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where to buy wedding cake

Besides being a showpiece, your cake should taste amazing too. When you meet with prospective bakers, taste lots of flavors. Don’t be afraid to stray from vanilla and chocolate. And don’t forget to sample fillings too—many bakers are working with complex flavorings, like guava and mango or hazelnut and mocha.
Generally, three tiers will serve 50 to 100, and you’ll likely need five layers for 200 or more guests. Your cake should fit the space too—if your reception is in a grand ballroom, consider increasing the cake’s stature with columns between the tiers, or opting for a faux Styrofoam layer (no one will know!) to add height.
Your cake will likely be on display before it’s cut and consumed. You should have a designated, well-lit table that allows the best presentation possible. A round table is perfect for circular cakes, but a linear design may call for a rectangular table. Drape the table with sumptuous fabrics and decorate it with motifs, colors and flowers to match the cake and your wedding style.
Wedding cake is usually priced by the slice. The cost can vary, but it generally ranges from $3 to $30 a slice (and beyond). It’s easy to be wooed by blood orange filling and a multi-flavor cake when you’re making decisions with a sugar buzz, but having a handle on your budget—and knowing what will affect it—will allow you to prioritize your choices. For instance, more flavors equals more money; the more complicated the flavor, the bigger the price tag; handmade sugar flowers will add dollars to every slice; and fondant icing is generally more expensive than buttercream.
If you’re having an outdoor wedding in a hot climate, stay away from whipped cream, meringue and buttercream (they melt). Ask your baker about summer icing options or opt for a fondant-covered cake, which holds up much better against the heat.
When it comes to decoration, adornment costs run the gamut. The most inexpensive option is fresh fruits or flowers that, in some instances, can be applied by your florist for a minimal fee. On the high end are delicate gum-paste or sugar-paste flowers, which are constructed by hand, one petal at a time. But here’s the bottom line: All add-ons—including marzipan fruits, chocolate-molded flowers and lace points—will raise the rate. (For the record, we think it’s worth the cost.)
Whether a wedding cake is the least of your worries or high on the “must-obsess-over” list, our guide to getting the perfect cake has got you covered. From budgeting to picking out your flavors, we’re going to answer all of your questions—before you even have any.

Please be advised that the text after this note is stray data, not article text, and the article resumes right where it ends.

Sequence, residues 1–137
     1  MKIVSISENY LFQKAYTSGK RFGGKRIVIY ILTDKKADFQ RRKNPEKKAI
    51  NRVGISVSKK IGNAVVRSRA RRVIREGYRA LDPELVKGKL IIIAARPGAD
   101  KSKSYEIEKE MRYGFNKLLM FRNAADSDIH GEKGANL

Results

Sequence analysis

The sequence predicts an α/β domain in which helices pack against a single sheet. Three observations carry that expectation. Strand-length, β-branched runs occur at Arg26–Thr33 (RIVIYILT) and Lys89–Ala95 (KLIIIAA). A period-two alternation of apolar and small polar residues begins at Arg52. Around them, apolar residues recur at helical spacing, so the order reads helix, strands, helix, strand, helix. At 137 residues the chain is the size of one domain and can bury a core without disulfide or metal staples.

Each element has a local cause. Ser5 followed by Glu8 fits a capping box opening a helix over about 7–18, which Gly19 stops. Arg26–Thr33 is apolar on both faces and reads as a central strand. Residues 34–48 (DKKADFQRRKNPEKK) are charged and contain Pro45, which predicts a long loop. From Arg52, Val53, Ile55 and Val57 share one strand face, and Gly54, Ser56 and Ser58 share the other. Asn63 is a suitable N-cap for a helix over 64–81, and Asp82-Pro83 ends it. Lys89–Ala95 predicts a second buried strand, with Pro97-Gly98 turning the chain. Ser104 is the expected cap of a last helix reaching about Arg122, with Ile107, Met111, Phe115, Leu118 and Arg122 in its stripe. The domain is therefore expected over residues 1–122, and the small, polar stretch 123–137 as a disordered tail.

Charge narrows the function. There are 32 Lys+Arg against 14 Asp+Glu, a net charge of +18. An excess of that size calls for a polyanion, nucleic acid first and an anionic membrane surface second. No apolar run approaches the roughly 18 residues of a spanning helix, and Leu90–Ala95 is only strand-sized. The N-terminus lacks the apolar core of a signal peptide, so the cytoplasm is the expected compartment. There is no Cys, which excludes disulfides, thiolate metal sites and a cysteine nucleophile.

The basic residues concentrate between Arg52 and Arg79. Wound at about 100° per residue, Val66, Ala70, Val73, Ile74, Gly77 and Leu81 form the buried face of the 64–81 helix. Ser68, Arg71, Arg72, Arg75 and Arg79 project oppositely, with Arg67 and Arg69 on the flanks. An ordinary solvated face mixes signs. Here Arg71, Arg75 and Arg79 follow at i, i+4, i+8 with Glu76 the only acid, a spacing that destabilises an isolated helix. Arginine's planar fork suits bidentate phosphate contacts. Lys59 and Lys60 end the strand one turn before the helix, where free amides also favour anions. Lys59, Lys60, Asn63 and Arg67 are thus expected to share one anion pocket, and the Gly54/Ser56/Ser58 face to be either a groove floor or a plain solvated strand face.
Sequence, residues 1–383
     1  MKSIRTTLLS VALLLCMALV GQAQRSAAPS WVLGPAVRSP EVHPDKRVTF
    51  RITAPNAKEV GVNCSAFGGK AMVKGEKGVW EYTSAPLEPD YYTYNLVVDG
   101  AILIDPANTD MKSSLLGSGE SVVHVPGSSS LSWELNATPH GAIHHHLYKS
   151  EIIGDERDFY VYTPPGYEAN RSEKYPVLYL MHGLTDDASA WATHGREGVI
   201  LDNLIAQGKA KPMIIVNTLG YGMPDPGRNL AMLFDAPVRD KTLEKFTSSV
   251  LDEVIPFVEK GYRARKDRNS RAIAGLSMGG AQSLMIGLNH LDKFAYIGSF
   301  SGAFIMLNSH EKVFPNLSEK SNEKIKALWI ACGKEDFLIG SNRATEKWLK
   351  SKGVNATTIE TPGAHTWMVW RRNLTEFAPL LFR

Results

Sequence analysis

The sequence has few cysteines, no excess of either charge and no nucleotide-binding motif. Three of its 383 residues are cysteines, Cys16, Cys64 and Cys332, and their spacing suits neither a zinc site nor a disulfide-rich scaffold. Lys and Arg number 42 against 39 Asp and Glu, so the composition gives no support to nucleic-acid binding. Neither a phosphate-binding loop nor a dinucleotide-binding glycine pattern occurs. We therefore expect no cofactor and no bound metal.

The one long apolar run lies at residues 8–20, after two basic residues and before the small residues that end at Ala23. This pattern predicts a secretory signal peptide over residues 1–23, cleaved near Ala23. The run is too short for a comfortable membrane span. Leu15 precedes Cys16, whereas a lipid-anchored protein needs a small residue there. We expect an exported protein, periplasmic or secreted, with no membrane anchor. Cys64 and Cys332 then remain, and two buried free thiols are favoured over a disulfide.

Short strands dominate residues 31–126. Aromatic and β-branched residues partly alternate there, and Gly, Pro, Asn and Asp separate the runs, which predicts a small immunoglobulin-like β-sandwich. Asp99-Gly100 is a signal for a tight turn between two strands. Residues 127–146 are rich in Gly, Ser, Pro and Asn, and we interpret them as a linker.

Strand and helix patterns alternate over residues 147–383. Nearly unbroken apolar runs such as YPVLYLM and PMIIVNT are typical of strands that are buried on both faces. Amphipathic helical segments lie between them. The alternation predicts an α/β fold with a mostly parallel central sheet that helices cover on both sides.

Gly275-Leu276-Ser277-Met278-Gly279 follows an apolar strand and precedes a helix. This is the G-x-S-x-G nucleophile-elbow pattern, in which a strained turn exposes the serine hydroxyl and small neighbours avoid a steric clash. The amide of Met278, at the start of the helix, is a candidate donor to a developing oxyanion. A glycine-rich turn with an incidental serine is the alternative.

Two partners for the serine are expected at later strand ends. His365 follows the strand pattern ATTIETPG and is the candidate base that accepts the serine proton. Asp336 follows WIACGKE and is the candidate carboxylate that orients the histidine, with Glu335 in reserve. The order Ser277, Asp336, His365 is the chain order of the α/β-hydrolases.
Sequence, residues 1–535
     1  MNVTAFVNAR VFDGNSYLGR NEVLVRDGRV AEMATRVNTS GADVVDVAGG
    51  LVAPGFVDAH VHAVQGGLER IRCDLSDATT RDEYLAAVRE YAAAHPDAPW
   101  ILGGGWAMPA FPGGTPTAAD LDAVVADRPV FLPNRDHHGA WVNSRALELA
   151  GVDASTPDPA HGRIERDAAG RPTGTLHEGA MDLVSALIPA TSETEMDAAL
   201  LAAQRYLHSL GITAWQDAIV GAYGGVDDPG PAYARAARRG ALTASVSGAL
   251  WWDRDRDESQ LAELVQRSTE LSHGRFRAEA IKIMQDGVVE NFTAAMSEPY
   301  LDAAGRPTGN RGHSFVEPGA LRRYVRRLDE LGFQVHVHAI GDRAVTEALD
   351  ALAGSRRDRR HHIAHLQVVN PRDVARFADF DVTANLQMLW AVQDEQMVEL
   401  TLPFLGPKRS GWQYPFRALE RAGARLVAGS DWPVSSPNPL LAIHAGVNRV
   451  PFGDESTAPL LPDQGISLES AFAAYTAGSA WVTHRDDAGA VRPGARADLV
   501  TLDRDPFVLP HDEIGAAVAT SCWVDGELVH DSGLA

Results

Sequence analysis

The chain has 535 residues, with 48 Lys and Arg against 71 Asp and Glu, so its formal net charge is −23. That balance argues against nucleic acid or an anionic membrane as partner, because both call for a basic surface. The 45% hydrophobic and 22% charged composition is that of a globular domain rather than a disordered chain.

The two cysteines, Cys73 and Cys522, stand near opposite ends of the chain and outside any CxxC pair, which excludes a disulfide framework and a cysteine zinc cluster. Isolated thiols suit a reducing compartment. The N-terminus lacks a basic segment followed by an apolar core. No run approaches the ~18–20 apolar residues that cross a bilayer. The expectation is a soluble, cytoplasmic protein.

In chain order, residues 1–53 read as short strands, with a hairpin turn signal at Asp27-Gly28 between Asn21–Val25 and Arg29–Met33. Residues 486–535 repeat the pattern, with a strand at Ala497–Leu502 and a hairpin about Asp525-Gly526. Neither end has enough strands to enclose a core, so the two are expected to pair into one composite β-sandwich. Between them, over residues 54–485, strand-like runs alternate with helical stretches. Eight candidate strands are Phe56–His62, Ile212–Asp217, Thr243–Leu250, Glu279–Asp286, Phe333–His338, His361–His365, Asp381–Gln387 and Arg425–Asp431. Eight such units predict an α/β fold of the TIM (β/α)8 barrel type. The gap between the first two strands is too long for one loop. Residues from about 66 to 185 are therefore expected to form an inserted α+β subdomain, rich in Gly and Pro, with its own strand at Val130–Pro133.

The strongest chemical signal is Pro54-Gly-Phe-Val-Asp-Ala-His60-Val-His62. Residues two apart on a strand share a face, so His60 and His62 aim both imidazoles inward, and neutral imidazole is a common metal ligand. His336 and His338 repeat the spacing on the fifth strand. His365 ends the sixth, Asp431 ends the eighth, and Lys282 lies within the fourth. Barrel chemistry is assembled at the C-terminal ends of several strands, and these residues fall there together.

Even if you take the most painstaking packaging measures, eating the top tier of your cake on your first anniversary sounds far better than it tastes. Think about indulging on your two-week or one-month anniversary, and treat yourself to a fresh cake in the same flavor when you’ve hit the one-year mark. If you must adhere to tradition, tightly wrap the cake in plastic wrap, then place it in an airtight baggie.
There are many beautiful and unique ways to top your cake. If you have an heirloom piece—especially a fine porcelain antique—work with your baker to integrate it into the cake’s design. It can double as your “something old.” Other alternatives include a bouquet of sugar flowers, a cascade of icing ribbons or even a sugar block carved to reveal your new monogram. Look to your locale as well. A cluster of coral can look stunning for a beachside celebration, or try a fondant snowflake for a winter wedding. Or don’t use one at all—some designs look great without a topper.
Make sure your first meeting with a cake baker goes right by reading our insider’s guide for the best wedding cake tips.
Chuck Joseph, owner of the ShopRite store in West Hartford, says the wedding cake business began to increase last summer.
“People have entrusted our florists with their special occasions and the same is happening with our bakeries,” says Robinson.
Suzi Robinson, public and community relations manager for Stop & Shop New England Division, says cross-pollination from floral departments, which do a large bridal business, has helped build the chain’s wedding cake business.
Though there’s money to be saved, there are some downsides to walking down the grocery store bakery aisle. While some offer tastings; most don’t. Flavors and fillings can be limited. Some stores include cake toppers, some don’t.
“Wedding cake inquiries have picked up over the past year, but a lot of people still have no idea,” says John Fraro, bakery sales manager for Big Y. “Most of our customers hear about it through word of mouth.”
ShopRite wedding-cake pricing depends on what customers want — fondant, for example, adds to the cost, but Joseph says the majority of cakes average between $60 and $180. Cakes, available in chocolate or vanilla with a variety of filling options, include a topper. Ordering time ranges from a week for a basic cake to three weeks for something more complicated.
>> Butter-cream frosting can run less than rolled fondant and simpler decorations can save money.
Stop & Shop stores with full-service bakeries offer cakes in a variety of flavors — chocolate, vanilla, marble, red velvet and carrot with fruit, French cream or cream cheese fillings. Icings include buttercream, whipped cream and chocolate ganache. Customers can customize designs. Tastings and delivery are available. Prices start at $1.25 a serving.
But while Connecticut Stop & Shop, Big Y, ShopRite, Price Chopper and Wal-Mart Supercenter stores offer wedding cakes, some store officials say the service is not widely-known.
Where To Buy A Wedding Cake? Yes, The Grocery Store Planning a wedding? Put aside money for dessert. At $6 to $10 a serving, a wedding cake can take a big bite out of your budget. According to